Researchers have done a lot of work over the past several years to conclude that there are several seemingly insignificant symptoms that can arise in different parts of the body that could be pointing to a heart issue. So now is the time to get informed in order to help catch and prevent any heart issues later on!
Surprisingly, one of the most common signs of coronary heart disease (CAD) is Angina, which is pressure and pain in your chest. Unlike the sharp pain of a heart attack, Angina is typified with a deep ache and constricting feeling on your chest, that is often magnified when you take a deep breath. Sometimes this type of sign and symptom is often missed because people mistake it for heartburn. This pain can also spread to the arm, neck, shoulders and jaw, where it is further mistaken for muscle pain.
Unlike a pulled muscle, Angina typically manifests itself as a prolonged pain, rather than a pain that comes and goes eventually.
17 million people have Angina, according to the National Heart, Lung and Blood Institute, and it is roughly the same in men and women. Angina occurs when the arteries in the heart get clogged with plaque build-up and episodes can occur when the heart is under stress or when the body is exercising.
How Angina Is Treated
Your doctor will probably prescribe you a medication called Nitroglycerin, which relaxes the veins that are pumping blood to the heart, allowing them not to have to work so hard. They will also probably tell you to take it easy and rest if you feel an episode coming on.
Shortness of breath is commonly an early sign of heart disease or lung disease and feels like compression on your chest as well as not being able to catch up with your breath. This type of labored breathing may also be experienced at night as well as any time you are laying down.
According to the Harvard School Medical Health Guide, 95% of women who have had heart attacks claimed they had experienced certain forms of labored breathing and unusual symptoms either a few weeks or months before their heart attack.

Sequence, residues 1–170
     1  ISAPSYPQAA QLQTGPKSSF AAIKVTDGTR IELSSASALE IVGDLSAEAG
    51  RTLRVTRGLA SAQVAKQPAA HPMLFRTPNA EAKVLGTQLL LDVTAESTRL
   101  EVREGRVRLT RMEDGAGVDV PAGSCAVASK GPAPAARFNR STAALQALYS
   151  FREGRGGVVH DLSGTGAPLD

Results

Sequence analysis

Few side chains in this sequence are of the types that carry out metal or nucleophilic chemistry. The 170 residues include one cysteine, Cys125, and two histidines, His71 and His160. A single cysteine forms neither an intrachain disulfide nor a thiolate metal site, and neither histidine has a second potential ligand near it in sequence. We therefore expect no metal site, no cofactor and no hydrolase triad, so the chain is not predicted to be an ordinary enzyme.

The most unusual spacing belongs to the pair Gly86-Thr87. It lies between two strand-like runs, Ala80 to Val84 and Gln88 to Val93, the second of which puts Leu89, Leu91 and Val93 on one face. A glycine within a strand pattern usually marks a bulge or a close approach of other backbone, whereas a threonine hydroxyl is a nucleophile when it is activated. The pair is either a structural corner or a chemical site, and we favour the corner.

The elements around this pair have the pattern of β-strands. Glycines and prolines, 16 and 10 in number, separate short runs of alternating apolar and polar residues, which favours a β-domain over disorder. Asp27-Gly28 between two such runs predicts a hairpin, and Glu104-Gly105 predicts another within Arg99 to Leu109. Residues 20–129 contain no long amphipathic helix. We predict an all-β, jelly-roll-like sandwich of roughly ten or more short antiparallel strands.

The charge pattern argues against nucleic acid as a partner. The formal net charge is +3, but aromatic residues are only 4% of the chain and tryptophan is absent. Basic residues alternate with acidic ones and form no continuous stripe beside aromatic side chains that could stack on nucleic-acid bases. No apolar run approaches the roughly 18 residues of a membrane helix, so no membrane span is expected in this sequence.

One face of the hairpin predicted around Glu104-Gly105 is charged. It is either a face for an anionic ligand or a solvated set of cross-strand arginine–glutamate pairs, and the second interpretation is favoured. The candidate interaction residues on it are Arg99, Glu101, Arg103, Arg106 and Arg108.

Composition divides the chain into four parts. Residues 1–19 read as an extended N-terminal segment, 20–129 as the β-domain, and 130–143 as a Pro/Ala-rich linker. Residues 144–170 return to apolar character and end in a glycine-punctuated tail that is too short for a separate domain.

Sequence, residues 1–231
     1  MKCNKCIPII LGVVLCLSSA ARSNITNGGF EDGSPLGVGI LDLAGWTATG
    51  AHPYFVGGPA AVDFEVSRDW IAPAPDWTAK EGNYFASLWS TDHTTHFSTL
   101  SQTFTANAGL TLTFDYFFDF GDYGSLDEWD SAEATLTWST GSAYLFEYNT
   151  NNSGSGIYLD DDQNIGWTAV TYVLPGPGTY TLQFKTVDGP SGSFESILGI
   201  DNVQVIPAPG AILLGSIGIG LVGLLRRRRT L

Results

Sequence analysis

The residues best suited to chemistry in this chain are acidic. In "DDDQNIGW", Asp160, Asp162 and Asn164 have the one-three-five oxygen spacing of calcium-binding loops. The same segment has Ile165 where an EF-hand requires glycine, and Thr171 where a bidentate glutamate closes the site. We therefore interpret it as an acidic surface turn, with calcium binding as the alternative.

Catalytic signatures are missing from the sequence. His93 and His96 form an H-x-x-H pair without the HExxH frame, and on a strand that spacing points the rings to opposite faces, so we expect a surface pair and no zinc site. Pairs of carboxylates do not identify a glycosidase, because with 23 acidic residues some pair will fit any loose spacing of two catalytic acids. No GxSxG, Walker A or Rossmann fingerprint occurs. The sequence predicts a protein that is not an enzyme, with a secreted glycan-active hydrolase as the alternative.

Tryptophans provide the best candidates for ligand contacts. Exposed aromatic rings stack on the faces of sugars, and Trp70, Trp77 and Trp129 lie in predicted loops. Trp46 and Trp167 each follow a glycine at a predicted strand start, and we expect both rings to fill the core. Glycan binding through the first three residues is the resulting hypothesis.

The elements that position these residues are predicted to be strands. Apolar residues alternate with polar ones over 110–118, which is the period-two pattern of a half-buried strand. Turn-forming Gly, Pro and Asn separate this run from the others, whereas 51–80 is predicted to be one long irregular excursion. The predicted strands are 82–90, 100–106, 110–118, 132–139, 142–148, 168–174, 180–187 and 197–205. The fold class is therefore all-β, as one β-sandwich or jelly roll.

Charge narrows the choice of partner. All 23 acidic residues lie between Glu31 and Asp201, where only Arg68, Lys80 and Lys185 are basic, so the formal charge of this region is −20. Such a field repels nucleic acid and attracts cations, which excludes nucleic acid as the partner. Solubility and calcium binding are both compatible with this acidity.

Shortness of breath occurs when there is not enough oxygen in your blood because the heart isn’t pumping strong enough. It feels similar to exerting yourself in high altitudes and you don’t feel like you can get enough oxygen in your lungs.
3. Sexual Problems
For doctors, a big alert to a progressive heart disease is the presence of erectile dysfunction in males and this is the first thing that should be ruled out when a doctor is seeing a patient with this issue. According to the Mayo Clinic, men in the age range of 40-49 who had erectile dysfunction were twice as likely to develop heart disease. Furthermore, in another study, results showed that 2 out of 3 men who were being treated for cardiovascular disease, also had a previous history of erectile dysfunction. With this being said, if you or a loved one has erectile dysfunction, they should have their heart checked as soon as possible.
A big complication to the heart is restricted breathing during sleep. According to the American College of Cardiology, those with sleep apnea were found to be 3x more likely of having cardiovascular disease. Because there is airway obstruction with sleep apnea and snoring, the heart has to pump twice as hard to support the lungs. If you have either of these, going to a sleep specialist and having a sleep study performed is the most proactive way to take care of your health.
5. Bleeding, Swollen or Sore Gums
These are all symptoms of periodontal disease, which occurs from exposure to bacteria within the mouth, causing gums to hurt and become inflamed, and then the gums start to separate from the teeth.
According to the American Academy of Periodontology, research has begun linking poor circulation in the heart to periodontal disease. And researchers continue to study whether there is a connection between plaque build up in the heart and gum disease, which could both be responses to the body’s prolonged inflammation.
Additional studies have also established a connection between periodontal disease and strokes, due to an oral infection in the mouth spreading to the heart.
If you have any of these symptoms, don’t wait to see a periodontist and even maybe a heart specialist to ensure you’re taking care of your mouth and heart.
Ever notice that your shoes are tighter than normal? Or notice that your hands and wrists are puffy? Do you constantly have indentation marks from socks once you take them off? These could all be factors of fluid retention, and furthermore be a sign of cardiovascular disease or heart failure.
Why Does the Body Get Swollen & Puffy?
The body holds on to fluids when the heart doesn’t pump fast enough, and therefore waste products are not removed from tissue. If you notice any of these symptoms, report them to your doctor, who can determine if your heart is healthy.
7. Having an Irregular Heart Beat or Arrhythmia
Coronary artery disease, which restricts blood flow to the heart, is most commonly seen through symptoms of an irregular heartbeat. Heart failure is caused when the heart beats too hard and fast as it is trying to overcompensate from the arrhythmia (irregular heartbeat).
What to Do?
Go have an EKG performed, which measures the heart’s electrical activity. A stress test can also measure your heart rate, to make sure it is pumping properly.